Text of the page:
Bike company Raleigh is looking for talented young riders for its Rider Support programe for the 2014 season. The programme provides up-and-coming UK-based cyclists with bikes and equipment from Raleigh and is open to cyclists from road, time-trial, triathlon and track disciplines.
Raleigh says the support provided will depend on the disciplines of the chosen riders but is likely to include at least one racing bike plus a selection of components from Raleigh brand partners including High5 sports nutrition.
Applicants must be 16 or over and will receive bikes and equipment, as well as a boost to their public profile that comes from being associated with one of the most well-respected brands in cycling.
"You don't need to be number one in your field, although that certainly helps," said Geoff Giddings, Raleigh marketing director, "but you do need to have the passion, drive, and above all, the right personality to make it onto our Rider Support programme."
Raleigh's support programme for 2013 has seen the company sponsor four ambitious cyclo-cross riders, Nick Barnes, Joe Atkins, Dylan Kerfoot-Robson and Harry Yates.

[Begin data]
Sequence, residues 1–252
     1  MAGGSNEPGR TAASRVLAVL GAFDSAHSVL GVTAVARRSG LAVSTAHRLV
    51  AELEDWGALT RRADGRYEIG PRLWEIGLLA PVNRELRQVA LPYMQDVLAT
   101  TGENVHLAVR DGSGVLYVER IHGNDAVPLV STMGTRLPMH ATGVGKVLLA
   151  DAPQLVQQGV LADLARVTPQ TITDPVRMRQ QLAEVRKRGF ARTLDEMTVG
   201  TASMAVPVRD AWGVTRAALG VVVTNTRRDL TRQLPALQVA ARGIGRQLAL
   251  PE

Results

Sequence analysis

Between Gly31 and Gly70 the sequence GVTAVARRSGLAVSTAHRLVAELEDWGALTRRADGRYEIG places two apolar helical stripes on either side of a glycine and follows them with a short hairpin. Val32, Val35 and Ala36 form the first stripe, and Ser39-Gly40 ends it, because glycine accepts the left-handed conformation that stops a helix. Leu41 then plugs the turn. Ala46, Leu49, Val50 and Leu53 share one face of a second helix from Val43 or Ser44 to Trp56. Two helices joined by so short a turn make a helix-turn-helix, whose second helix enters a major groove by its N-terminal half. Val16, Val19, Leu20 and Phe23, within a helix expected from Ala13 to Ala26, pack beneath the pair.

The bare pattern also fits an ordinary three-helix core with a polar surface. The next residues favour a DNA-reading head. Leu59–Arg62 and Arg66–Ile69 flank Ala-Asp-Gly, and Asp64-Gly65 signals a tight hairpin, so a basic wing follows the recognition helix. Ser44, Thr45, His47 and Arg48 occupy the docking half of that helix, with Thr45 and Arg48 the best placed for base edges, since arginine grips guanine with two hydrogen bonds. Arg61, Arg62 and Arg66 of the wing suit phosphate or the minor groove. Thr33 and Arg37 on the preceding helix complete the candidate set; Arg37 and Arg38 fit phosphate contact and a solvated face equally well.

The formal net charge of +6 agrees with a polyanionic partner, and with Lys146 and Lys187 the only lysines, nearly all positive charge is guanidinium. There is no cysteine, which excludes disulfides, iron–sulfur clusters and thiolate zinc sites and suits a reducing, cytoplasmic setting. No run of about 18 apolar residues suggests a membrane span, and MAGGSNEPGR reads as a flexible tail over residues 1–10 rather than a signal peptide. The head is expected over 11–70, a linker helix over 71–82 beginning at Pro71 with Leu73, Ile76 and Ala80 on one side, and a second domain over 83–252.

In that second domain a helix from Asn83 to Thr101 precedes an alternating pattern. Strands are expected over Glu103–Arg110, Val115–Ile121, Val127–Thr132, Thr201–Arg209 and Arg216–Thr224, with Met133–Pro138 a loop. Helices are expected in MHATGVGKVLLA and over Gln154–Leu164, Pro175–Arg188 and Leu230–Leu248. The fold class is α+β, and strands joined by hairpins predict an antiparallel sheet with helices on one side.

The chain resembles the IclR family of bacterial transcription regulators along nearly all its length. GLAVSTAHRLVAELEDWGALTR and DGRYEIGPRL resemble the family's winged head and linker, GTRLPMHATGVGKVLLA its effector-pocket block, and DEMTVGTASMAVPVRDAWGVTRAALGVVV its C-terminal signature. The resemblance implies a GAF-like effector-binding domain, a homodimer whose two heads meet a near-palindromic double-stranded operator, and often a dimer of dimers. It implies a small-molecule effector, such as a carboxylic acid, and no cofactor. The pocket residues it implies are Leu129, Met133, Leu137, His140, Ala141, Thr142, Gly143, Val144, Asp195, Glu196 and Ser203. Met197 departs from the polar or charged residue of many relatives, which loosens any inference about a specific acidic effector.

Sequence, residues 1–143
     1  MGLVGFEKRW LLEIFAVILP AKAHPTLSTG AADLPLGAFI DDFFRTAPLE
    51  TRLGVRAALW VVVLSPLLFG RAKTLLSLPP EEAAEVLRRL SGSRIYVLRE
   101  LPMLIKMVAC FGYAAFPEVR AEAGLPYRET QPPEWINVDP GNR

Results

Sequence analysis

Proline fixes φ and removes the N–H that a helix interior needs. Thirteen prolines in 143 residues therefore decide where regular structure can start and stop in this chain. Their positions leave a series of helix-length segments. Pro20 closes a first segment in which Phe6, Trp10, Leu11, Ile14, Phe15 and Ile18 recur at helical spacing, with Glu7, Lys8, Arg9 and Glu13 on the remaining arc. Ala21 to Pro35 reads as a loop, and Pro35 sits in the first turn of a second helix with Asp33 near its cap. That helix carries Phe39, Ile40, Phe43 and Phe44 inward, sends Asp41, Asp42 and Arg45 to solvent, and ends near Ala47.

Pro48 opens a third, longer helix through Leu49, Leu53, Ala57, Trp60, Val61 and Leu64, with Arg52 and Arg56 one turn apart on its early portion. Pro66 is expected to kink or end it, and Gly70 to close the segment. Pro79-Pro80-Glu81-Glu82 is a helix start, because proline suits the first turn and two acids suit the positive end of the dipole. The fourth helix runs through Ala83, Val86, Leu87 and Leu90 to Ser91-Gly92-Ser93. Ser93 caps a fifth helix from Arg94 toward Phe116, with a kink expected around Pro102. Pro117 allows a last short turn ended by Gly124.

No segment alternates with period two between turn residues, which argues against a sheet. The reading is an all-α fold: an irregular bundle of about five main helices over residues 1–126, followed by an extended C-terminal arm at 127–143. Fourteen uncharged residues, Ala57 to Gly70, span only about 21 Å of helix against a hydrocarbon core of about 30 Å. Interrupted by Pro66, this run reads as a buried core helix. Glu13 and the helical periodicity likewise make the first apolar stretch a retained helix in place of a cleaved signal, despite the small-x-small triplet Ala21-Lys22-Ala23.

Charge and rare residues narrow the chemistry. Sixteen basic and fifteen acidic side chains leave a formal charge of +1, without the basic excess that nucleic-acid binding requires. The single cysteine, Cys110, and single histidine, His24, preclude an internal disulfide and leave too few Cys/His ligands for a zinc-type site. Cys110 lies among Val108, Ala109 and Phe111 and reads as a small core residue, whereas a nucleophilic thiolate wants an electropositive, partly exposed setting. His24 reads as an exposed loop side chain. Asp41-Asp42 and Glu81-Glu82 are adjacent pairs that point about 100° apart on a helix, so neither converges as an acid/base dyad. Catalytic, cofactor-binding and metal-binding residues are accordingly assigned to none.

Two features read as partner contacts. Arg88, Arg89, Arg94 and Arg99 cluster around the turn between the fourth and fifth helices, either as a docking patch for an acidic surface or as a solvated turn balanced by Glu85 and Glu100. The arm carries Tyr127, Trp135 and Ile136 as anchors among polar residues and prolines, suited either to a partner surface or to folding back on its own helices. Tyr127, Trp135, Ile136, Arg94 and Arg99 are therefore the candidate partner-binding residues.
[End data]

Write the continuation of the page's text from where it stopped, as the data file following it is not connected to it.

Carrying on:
How to apply
There’s an application form on Raleigh’s rider support application page
Eligible riders must:
Be 16 years or over as of 1st January 2014.
Be based in the UK.
Have demonstrable race results from 2013.
Have an outline race calendar for 2014.
Be a member of a cycling team or club.
Commit to providing written and photographic reports on a regular basis.
Have permission of a parent or guardian if under 18.
The application period will end on Sunday December 22nd 2013 with successful riders being informed in the new year.
Our official grumpy Northerner, John has been riding bikes for over 30 years since discovering as an uncoordinated teen that a sport could be fun if it didn't require you to catch a ball or get in the way of a hulking prop forward.
Road touring was followed by mountain biking and a career racing in the mud that was as brief as it was unsuccessful.
Somewhere along the line came the discovery that he could string a few words together, followed by the even more remarkable discovery that people were mug enough to pay for this rather than expecting him to do an honest day's work. He's pretty certain he's worked for even more bike publications than Mat Brett.
The inevitable 30-something MAMIL transition saw him shift to skinny tyres and these days he lives in Cambridge where the lack of hills is more than made up for by the headwinds.